An undercover officer tried to sell jewelry to Mariel & Co. in the Merced mall, but the employee refused the items and sent him away.
"I'm really proud of her. She handled it very professionally. She did a good job," jewelry store owner, Keri Mariel said.
Police visited Mariel & Co. and several others earlier in the month to make sure the owners know they must have a second hand dealer's license to buy jewelry or other property from individuals. On Friday, undercover officers tried selling goods to those businesses, and others they learned about along the way.
"Some of the businesses did comply and completely said no we're not a second hand dealer, we can't accept it, and there were a few that went ahead and accepted it," Lt. Tom Trinidad from the Merced Police Department said.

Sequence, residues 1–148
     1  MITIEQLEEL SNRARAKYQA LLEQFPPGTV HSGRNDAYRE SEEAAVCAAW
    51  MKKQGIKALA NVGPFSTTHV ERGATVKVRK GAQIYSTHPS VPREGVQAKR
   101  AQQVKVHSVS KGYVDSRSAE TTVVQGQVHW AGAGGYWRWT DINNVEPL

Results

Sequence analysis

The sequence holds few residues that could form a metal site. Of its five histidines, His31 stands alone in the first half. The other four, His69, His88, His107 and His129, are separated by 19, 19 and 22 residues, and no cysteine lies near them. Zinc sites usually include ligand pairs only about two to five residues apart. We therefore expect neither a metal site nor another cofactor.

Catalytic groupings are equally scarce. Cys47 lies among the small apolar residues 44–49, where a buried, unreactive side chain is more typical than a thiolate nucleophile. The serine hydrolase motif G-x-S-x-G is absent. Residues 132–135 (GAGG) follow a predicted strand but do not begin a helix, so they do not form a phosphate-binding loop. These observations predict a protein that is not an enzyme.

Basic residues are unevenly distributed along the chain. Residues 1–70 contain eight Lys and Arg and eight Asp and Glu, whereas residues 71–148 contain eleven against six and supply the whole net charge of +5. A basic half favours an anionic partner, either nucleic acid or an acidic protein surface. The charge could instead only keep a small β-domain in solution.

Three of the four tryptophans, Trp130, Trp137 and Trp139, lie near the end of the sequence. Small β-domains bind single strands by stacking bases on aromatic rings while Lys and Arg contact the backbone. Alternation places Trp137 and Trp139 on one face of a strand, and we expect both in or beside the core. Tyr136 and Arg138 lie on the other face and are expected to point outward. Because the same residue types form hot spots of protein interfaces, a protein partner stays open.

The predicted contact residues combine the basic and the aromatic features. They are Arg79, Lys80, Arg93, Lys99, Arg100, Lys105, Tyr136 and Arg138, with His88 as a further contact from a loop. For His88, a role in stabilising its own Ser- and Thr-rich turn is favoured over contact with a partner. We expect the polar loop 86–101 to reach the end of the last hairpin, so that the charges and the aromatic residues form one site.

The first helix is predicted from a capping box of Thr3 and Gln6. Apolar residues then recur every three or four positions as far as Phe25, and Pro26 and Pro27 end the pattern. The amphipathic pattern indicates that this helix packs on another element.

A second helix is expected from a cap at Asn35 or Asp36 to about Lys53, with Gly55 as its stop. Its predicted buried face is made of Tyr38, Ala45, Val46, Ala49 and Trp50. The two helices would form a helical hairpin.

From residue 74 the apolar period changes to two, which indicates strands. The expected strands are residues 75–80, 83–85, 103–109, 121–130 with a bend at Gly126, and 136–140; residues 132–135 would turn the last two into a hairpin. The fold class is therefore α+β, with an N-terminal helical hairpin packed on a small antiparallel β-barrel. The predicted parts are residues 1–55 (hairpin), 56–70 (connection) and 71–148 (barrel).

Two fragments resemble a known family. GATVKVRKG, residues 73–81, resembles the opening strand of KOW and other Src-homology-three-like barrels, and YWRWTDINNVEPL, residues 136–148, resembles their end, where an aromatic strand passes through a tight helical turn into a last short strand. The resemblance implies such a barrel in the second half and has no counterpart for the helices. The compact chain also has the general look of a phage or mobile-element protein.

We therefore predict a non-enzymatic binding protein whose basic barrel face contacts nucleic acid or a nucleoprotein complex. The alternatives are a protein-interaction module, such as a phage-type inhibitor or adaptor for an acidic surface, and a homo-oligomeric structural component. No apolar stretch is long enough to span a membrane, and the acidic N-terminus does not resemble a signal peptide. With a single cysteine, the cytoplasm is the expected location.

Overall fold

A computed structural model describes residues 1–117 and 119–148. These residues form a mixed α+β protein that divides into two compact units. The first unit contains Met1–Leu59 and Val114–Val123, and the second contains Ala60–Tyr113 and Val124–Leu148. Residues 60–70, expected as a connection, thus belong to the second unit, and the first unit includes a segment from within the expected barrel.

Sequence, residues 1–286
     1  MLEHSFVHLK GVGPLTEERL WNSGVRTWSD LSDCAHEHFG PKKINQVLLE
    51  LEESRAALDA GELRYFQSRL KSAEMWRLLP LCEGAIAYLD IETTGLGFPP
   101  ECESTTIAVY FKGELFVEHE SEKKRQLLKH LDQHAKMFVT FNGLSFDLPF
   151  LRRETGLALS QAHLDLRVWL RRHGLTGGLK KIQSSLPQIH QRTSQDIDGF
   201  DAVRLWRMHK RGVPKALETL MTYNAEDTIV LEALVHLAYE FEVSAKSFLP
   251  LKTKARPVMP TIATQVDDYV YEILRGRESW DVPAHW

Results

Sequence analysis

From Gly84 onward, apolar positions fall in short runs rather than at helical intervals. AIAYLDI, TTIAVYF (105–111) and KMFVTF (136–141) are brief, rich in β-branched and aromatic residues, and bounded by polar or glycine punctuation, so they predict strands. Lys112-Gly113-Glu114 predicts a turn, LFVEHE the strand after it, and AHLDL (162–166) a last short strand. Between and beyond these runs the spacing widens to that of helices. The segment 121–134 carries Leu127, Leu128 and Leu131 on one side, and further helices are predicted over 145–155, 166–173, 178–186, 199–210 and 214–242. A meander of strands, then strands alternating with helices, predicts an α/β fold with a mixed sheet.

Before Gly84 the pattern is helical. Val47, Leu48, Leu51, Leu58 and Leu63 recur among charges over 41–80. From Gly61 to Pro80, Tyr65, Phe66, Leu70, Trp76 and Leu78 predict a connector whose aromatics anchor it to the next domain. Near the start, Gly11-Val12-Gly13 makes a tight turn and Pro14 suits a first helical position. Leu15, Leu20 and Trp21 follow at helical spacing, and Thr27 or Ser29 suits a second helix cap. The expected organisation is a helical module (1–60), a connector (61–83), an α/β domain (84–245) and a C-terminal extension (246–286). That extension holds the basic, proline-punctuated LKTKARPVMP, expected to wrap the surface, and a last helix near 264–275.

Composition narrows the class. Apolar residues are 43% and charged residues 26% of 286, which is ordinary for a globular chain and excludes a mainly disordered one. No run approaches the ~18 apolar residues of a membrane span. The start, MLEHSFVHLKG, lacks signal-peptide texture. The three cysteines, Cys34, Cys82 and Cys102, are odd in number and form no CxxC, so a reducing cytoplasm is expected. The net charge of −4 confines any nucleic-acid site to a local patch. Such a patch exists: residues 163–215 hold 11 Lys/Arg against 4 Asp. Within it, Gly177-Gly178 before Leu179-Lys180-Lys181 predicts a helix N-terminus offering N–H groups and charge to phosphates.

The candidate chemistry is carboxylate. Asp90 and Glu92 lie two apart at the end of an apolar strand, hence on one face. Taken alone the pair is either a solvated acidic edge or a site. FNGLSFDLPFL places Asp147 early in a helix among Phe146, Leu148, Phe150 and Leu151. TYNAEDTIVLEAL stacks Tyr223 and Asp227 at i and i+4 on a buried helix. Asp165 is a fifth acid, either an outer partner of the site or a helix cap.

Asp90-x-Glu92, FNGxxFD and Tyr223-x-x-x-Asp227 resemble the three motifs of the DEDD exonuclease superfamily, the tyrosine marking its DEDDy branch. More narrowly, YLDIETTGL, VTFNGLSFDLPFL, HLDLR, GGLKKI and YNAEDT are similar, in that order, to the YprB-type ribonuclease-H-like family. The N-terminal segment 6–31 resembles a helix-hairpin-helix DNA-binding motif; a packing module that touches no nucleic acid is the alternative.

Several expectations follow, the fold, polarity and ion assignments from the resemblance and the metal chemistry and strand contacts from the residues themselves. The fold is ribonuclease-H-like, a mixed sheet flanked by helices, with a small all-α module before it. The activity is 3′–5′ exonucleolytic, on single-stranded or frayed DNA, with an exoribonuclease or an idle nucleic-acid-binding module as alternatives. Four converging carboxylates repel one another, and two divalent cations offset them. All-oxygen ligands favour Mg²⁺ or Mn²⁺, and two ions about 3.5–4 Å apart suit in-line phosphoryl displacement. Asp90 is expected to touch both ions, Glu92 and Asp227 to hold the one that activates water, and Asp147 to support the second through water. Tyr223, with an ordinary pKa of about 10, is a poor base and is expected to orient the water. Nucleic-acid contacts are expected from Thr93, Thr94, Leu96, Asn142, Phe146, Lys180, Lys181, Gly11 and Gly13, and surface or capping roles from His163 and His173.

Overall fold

Authorities cited four of the 15 stores, but Lt. Trinidad says the real goal is to discourage the thieves themselves.
"We want to take away the avenue for these people that are committing these thefts to have access to cash," Lt. Trinidad said.
Mariel is in the process of getting the $300 dollar dealer's license from the state. She also plans to start getting fingerprints and photo ID's from sellers, and she'll be required to keep any jewelry she buys for 30 days. But Mariel says it is all worth the effort to help cut down on crime, especially the theft of irreplaceable items.
"Most of the jewelry people buy it's because it remembers something special, an event, a wedding ring, a graduation gift, and so people are really heartbroken when their jewelry gets stolen," Mariel said.
Business owners can pick up a second hand dealer application from the Merced Police Department. The license is good for two years.
Stores caught violating the law can be fined up to $1,500dollars for the first offense, $2,500 for the second and up to $25,000 for the third.